Professional communications organizations are known to schedule a media panel discussion on their annual program calendars each year.
They do it because it’s easy, because members seem to turn out for these events and because usually, by creating a forum for PR people and journalists to interface, somebody will come away with a story, and someone else will come away with a PR placement.
The events themselves are predictable.
Three to five journalists sit at a table or on high stools in front of a group of communications pros who listen to about 10 to 15 minutes of opening remarks, and then the Q&A starts. This is where the real purpose for people being there starts emerge.
For some of the journalists, it’s a chance to get some grievances off their chests. They get to tell PR people what they are doing wrong in their pitches. These journalists provide this feedback in good faith and in the hope that some of the PR people will actually listen to them and contact them in the future, better prepared and better informed.
Other journalists do this because they like to hear themselves talk.
In the audience, some PR people attend because they really want to learn what makes journalists tick.
Too many don’t spend enough time actually talking to reporters day-to-day, so they wait for a formal meeting like this to actually listen to what journalists have to say. Still, they listen in good faith in the hope that they will actually learn something so they can be better prepared and informed in future media relations efforts.
Other PR people attend simply to look for an opportunity afterwards to corner a journalist and pitch a story.
Less commonly, reporters will highlight the good things PR people are doing, or will admit they actually rely on PR people for story ideas and development. And just as uncommonly a PR person in the audience may provide some constructive criticism to the media panel participants.
Kathryn Conda provided a great summary of the kinds of issues that pop up in these discussions on Muck Rack in 2014.
If you’re interested in changing things up at the next media panel event you attend, consider these tips.
1. Come with a list of some good things PR people are doing that are helpful to you. Make your examples as detailed as possible.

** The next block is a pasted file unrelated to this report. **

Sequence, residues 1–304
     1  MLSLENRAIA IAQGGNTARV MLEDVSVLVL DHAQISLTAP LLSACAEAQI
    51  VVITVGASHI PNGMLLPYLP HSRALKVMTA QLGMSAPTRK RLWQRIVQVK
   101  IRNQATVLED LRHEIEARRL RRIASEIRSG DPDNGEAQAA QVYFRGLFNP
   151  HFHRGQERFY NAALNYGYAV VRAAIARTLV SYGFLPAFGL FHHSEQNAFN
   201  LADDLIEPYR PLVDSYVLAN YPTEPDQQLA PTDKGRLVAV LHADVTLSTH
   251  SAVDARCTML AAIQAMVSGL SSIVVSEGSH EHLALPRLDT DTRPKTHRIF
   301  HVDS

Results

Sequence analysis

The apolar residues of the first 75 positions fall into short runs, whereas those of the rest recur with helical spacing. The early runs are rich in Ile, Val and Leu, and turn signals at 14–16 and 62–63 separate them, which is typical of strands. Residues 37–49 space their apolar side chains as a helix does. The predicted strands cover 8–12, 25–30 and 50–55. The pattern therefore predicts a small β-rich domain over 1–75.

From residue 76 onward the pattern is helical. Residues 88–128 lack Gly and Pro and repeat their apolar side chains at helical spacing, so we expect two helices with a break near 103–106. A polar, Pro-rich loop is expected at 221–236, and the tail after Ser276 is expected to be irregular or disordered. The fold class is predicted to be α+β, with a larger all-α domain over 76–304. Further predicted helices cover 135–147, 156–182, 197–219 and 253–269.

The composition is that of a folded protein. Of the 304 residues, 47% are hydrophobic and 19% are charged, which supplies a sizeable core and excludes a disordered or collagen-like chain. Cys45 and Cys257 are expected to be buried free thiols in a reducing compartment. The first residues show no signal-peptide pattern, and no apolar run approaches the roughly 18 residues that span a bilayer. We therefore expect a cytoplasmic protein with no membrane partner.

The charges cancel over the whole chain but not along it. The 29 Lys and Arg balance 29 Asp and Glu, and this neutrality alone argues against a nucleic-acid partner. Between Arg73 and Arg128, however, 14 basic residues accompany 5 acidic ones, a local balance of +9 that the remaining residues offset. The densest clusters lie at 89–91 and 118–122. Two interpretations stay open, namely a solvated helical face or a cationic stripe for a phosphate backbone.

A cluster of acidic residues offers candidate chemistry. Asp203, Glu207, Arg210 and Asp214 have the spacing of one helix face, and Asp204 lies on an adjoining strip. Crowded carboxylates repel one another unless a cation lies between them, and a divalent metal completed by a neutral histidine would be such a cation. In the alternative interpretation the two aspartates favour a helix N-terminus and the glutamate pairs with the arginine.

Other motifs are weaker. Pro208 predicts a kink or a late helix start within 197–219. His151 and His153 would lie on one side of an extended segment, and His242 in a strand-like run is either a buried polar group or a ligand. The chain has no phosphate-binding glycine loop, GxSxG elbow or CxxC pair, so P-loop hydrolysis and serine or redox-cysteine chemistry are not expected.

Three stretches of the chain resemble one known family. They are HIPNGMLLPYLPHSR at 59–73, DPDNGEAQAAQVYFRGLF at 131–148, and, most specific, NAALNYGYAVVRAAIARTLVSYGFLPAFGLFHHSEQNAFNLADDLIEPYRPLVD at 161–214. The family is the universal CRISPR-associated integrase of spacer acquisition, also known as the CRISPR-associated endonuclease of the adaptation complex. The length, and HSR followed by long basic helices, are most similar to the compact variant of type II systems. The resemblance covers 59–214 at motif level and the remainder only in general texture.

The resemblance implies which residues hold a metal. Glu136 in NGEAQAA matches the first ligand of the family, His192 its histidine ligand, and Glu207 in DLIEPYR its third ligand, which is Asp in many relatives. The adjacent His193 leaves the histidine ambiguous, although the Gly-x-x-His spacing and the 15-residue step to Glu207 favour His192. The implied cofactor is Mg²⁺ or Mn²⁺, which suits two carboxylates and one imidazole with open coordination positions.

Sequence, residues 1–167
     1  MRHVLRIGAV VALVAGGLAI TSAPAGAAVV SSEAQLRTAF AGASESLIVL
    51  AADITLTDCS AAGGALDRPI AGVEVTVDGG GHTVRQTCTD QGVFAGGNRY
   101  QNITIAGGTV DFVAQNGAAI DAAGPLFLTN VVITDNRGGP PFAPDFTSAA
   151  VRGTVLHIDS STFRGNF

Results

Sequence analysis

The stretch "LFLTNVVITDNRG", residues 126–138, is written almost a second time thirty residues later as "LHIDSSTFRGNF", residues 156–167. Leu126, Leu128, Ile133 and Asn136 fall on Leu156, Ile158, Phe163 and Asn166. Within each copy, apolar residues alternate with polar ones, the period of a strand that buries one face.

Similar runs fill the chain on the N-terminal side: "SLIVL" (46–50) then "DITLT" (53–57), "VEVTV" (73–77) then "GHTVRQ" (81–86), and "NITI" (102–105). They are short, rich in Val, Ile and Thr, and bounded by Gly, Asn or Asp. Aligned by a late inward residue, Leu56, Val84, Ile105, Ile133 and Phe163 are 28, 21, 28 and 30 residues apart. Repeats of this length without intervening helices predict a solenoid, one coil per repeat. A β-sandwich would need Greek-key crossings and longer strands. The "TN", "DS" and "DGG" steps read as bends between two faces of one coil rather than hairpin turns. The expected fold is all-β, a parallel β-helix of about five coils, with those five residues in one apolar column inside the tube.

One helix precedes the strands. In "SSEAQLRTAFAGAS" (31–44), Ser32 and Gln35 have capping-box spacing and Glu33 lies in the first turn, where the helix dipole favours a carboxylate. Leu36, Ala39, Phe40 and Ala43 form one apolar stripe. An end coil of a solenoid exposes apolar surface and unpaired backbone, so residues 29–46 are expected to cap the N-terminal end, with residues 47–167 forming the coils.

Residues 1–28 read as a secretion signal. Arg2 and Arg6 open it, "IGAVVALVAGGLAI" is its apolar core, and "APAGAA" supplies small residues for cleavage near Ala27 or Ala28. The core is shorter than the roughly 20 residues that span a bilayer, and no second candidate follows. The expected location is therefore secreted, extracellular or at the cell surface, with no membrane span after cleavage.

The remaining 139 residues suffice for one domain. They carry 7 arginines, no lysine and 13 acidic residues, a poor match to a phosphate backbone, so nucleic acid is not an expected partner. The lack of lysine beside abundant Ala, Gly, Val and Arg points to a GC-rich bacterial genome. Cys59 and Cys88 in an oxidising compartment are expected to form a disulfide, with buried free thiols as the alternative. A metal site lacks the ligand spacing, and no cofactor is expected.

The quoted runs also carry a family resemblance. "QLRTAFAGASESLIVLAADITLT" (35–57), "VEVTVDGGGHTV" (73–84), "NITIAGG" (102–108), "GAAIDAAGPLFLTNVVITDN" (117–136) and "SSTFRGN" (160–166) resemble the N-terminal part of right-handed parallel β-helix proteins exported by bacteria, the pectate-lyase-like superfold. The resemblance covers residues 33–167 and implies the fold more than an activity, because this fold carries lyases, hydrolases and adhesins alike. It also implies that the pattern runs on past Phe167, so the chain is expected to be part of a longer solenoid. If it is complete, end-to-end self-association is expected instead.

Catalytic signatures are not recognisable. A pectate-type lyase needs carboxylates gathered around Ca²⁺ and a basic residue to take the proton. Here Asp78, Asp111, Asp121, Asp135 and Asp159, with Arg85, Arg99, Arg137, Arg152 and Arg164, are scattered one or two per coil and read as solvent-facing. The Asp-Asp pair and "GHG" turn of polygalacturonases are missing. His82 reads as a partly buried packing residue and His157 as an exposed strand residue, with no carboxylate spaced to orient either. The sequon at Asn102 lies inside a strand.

2. Don’t be afraid to admit that PR people do provide you with good story ideas.
3. Don’t make it difficult for PR people to reach you after the meeting. If you’re there to provide guidance, you should also be prepared to provide access.
4. Don’t presume to tell PR people how to do their jobs, but by all means, tell them how to best interact with you.
1. Don’t attend just to get five minutes with one of the panelists after the discussion to pitch a story. This is not fair to the journalists or the other attendees who are at the event to find common ground at a higher level.
2. Don’t pander or patronize the journalists with your questions during Q&A. Ask some substantive and tough ones to advance the dialogue.
3. Listen. Chances are pretty good that no matter how much experience you have, you’ll come away with something new that you can use as early as that afternoon, but it won’t happen if you’re fixated on your smart phone during the session.
4. Follow up. A day or so later, make it a point to follow up with at least one or two of the panelists, thanking them for taking the time, and for their insights, but do it genuinely. The goal is to build a stronger relationship with the individual reporter, and ultimately, strengthen relations between the media and the PR profession.
Any other tips for attending (or being part of) a media panel?
Tim O’Brien is owner of Pittsburgh-based O’Brien Communications, a corporate communications consultancy. He has over 30 years’ experience in communications and started his career as a journalist.
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